When we were children, there were these essays we’d write. My favourites were the ones in which I got to brag about Bangladesh: “Bangladesh has the world’s longest sea beach and largest mangrove forest.”
I can’t help but wonder whether my children, 10 years from now, will still get to write that -- with the huge possibility that the largest mangrove forest will not exist then.
Are we really okay with the Sundarbans ceasing to exist? At what point do we stop being indifferent?
If the Bangladeshis of 1952 were “courageous,” and if the 1971 generation was “spirited,” our generation is definitely the “not bothered enough” generation. Or maybe we’re just the “helpless” generation. We all feel bad when something happens, or so say all the Facebook posts. We just don’t feel bad enough to do something substantial about it.
The type of protests a country’s citizens engage in speaks a lot about the kind of people they are. Recently, there was a road blockade in Dhaka by some students protesting against their exam seats being located in a particular college where rules are rumoured to be strict.
Then there are all the political rallies with people fighting for their prospective political parties. If these people loved Bangladesh as much as they seem to love the Awami League or BNP, would we be in such a state today?
Do we not love our country like those who loved her back in 1952 or 1971? Why is it then that we don’t defend what makes Bangladesh special like the Sundarbans? Why is it that we can hold mega rallies and protests for political causes, but can’t stand together against our government building the Rampal plant?
Is it because our voices are more or less ignored? Maybe so. The only way you can get someone to listen to your opinion in this country is if you’re politically well-connected, or by being on popular talk-shows; but, even then, your opinions might not be paid any heed.
Is the “power of the people” once and for all dead in Bangladesh? If people staged united protests against Rampal on a large scale such as the Gonojagoron Moncho, would the government still be able to not blink an eye?
Where are the new generation “leaders” now? Or are leaders like Imran H Sarkar only assigned to lead the people in one or two particular issues and remain indifferent in everything else? A true leader with the country’s best interest at heart would come forward to lead the people in protests against the Rampal project. Because this is not a political issue, it’s a patriotic one.
If we don’t fight for a thing of pride like the natural habitat of the Sundarbans, maybe we don’t deserve to have it in our jurisdiction. Ever since the Bangladesh government announced their plans of the Rampal project, many eminent scholars like Abdullah Abu Sayeed have spoken up against it.
Environmental activists have urged the government to rethink the construction of the Rampal plant. Besides the inhabitants of the area being directly affected, statistics show that the Rampal plant poses great environmental threat.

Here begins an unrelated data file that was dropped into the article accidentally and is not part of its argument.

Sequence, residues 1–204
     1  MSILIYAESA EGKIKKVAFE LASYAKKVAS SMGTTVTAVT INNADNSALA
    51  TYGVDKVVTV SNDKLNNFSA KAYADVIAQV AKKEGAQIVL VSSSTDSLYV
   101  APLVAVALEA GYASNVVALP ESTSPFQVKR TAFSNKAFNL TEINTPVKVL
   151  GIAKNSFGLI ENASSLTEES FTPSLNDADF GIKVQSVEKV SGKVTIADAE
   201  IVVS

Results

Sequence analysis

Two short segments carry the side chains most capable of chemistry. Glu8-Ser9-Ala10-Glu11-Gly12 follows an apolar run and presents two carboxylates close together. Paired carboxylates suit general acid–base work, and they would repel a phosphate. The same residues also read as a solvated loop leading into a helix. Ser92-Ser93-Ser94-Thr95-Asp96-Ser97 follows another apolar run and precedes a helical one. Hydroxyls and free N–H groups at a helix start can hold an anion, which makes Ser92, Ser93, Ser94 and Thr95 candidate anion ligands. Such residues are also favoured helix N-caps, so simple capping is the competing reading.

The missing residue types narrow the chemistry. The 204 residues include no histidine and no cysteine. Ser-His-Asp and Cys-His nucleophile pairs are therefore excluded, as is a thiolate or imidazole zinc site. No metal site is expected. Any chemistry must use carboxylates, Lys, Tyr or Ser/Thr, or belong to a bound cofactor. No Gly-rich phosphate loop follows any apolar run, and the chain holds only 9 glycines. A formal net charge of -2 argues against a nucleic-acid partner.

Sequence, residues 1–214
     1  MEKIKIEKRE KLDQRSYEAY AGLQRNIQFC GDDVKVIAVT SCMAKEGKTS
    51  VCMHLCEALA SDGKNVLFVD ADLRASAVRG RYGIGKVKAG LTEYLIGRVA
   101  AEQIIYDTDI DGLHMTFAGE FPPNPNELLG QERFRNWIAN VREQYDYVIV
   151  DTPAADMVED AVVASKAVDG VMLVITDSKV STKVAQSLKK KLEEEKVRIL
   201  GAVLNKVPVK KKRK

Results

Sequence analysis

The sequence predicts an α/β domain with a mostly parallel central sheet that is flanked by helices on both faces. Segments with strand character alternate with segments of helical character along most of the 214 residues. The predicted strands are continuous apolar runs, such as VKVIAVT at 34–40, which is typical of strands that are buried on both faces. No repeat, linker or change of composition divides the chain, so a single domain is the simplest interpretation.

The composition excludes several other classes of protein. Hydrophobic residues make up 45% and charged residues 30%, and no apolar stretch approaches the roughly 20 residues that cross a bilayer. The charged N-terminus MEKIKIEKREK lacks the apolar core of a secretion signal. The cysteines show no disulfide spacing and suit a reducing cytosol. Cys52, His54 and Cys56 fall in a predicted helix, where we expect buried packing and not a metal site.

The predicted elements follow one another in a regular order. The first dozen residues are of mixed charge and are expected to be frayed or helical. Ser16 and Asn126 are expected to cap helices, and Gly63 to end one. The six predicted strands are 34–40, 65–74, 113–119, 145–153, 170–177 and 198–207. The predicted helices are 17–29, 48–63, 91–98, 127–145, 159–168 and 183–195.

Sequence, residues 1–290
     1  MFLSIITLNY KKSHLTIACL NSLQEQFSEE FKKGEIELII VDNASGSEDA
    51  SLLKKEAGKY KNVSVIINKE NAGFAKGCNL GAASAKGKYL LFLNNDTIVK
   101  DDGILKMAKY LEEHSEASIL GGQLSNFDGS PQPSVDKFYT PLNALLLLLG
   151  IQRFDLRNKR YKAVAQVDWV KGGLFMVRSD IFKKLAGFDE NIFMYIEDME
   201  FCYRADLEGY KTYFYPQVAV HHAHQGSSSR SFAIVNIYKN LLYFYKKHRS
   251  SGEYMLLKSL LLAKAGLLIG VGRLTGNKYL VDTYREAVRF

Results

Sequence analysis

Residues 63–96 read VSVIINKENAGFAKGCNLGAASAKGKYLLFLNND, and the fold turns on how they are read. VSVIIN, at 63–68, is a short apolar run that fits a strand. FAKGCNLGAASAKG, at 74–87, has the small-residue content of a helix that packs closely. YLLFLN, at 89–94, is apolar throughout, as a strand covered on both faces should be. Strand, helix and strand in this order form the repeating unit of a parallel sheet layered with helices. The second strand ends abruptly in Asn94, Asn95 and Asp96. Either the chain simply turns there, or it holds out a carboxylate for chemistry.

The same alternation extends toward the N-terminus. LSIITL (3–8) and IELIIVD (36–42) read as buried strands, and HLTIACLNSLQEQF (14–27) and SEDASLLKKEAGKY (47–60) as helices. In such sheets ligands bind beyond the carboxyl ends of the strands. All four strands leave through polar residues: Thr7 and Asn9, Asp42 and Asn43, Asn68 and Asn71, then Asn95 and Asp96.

There’s a good chance that our eco-system will be severely hampered from emission of the poisonous substances that will be used to run the plant. Local people in and around Khulna have been holding protests against the Sundarbans being destroyed.
They need and deserve the support of the rest of us from around the country. This is not their fight alone, it should be ours too.
It’s really frustrating that it has come to this point. But somehow I’m unable to lose hope entirely. That’s because more than often there’s someone somewhere trying really hard. For example, amidst all failures, there were the “No VAT on education” protests by private university students. They spoke up and made a difference.
Maybe it’s only the students who can fight for what’s right. History says that students have always been the ones to lead a march towards change in our nation. It doesn’t matter whether it's public or private -- it’s time we stop letting that divide us. It’s time we realise that we, united, can be an incredible voice that can’t be ignored.
So, I urge the student population to step up to save the Sundarbans. It’s ours to save. I’d rather save our Royal Bengal Tigers from extinction than demand justice after the Rampal plant is built.
And to our government -- don’t turn away from the voice of the people. This isn’t the Game of Thrones, so kindly stop being the Lannisters. Listen to us, and do what’s right.
Maybe we should reset our mindset as a nation. Maybe we’re following the wrong examples. Why not follow the example of Bhutan who has proved to be exceptional in its non-commercialisation of the environment?
In Bhutan, they just celebrated the birth of their new prince by planting more than one million trees. If something of similar splendour happens in Bangladesh, we’ll probably do the opposite and cut down trees to construct a monument or something.
We don’t need so many development projects, so much technology -- not at the cost of a natural galore like the Sundarbans! We don’t need to be “Digital Bangladesh” now, rather we need to try and sustain “beautiful and green Bangladesh.” I’m not a leader; I was born to follow. So I wish someone somewhere would start a revolutionary protest against destroying the Sundarbans.
It’s sad in the first place that we have to fight for saving a heritage like the Sundarbans. I’m confounded by why the government fails to comprehend the fact that there are alternate options to produce electricity, but only one Sundarban.
I wish the government would wake up, before it’s too late.
Until then, what can I do? Perhaps I’ll change my profile picture to a “Save the Sundarbans” photo, not that that will make a difference.
But what else can I do?